Although he too plays tenor saxophone, Badenhorst concentrates most of his improvisations on Belleke to his command of clarinet and bass clarinet textures. Like Kretzmer’s output though, this doesn’t cause limitations. A track such as “Turning Inwards, Like a Glove” for instance, ends up being a showpiece for low-pitched guttural textures that are then subtly challenged by strident viola and rubbed bass strings. When earlier on, “Building Nothing out of Something” finds Badenhorst skillfully emphasizing his points with foreshortened whistles, the connections still exist since the timbres are almost indistinguishable from Loriot’s fiddle-stropping.

Because of the instrumentation there is no shortage of chamber-music insinuations on Belleke, but those warm, binding narratives are only one aspect of the band’s game plan. Elsewhere the themes can be as ragged and menacing as if played by New Thing behemoths. More often than not however, both approaches are utilized, often on the same track. “Forgetting”, for instance has a mid-section rife with dog-whistle-elevated tonguing, is surrounded by an introduction that moves as slowly as if being played by a chamber trio, and ends with tonic and tonal asides from the strings. “Heaving Hearts” on the other hand finds Niggenkemper constructing an appropriately scratchy picking motif for what is evidentially Loriot holding his instrumental horizontally and smacking the strings percussively with mallets. Furthermore “What Grows Beneath”, the lengthiest track, finds each trio member outputting timbres more dissident and strident than the next. Here too the bassist’s elongated drones and striking stops are what connects with Badenhorst’s sympathetically animated saxophone lines as the violist’s splintered screech and sul ponticello strokes are shoved aside.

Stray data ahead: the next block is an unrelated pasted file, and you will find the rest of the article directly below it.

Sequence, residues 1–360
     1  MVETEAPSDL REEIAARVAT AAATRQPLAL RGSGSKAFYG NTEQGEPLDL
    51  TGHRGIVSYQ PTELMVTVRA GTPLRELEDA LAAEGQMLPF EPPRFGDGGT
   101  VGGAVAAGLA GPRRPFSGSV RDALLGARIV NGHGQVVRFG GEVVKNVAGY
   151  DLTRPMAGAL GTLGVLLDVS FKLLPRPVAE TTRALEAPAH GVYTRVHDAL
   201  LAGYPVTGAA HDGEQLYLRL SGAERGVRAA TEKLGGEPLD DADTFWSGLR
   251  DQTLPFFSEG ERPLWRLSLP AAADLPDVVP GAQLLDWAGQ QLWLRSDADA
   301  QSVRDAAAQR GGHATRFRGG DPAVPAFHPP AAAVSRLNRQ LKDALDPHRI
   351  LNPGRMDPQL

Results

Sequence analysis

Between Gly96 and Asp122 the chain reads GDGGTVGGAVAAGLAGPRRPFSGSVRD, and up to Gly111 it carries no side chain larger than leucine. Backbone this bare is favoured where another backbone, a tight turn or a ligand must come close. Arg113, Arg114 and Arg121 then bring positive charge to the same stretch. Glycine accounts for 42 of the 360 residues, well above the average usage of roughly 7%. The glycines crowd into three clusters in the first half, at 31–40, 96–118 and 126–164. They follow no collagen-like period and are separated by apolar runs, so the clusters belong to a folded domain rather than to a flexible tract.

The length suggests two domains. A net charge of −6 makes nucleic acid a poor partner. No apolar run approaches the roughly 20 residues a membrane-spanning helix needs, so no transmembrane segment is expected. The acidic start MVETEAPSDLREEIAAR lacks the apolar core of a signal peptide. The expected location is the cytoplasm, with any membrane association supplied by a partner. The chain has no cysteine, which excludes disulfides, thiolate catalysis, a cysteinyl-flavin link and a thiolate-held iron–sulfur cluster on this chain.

Constantly injecting a variant of walking bass lines into the most abstract and other-worldly tunes Niggenkemper’s rhythmic solidity helps prevent the narratives from becoming too abstract. Furthermore when these abstract sequences appear, they’re successfully integrated into wider harmonies so that a comprehensive totality enlivens the session.

Not only do these CDs demonstrate that more than one strategy can create memorable improvisations, but also that Niggenkemper’s skills makes his work uniquely valuable in both situations.

—Ken Waxman

Track Listing: Protest: 1. This 2. Is 3. Our 4. Very 5. First 6. Album 7. Together

Personnel: Protest: Yoni Kretzmer (tenor saxophone); Pascal Niggenkemper (bass) and Weasel Walter (drums)

Track Listing: Belleke: 1. Belleke 2. Building Nothing out of Something 3. Mon Seul Désir 4. Feuertreppe 5. Turning Inwards, Like a Glove 6. Heaving Hearts 7. Forgetting 8. Casse Méditative 9. Snowflakes 10. What Grows Beneath

Personnel: Belleke: Frantz Loriot (viola); Joachim Badenhorst (clarinet, bass clarinet and tenor saxophone) and Pascal Niggenkemper (bass)